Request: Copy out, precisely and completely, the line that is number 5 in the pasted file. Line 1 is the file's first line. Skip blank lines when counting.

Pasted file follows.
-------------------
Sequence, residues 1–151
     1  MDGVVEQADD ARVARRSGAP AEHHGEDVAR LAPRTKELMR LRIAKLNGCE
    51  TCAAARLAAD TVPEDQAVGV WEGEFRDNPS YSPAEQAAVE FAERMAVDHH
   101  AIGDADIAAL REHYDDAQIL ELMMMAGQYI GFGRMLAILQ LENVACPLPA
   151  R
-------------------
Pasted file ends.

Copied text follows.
   151  R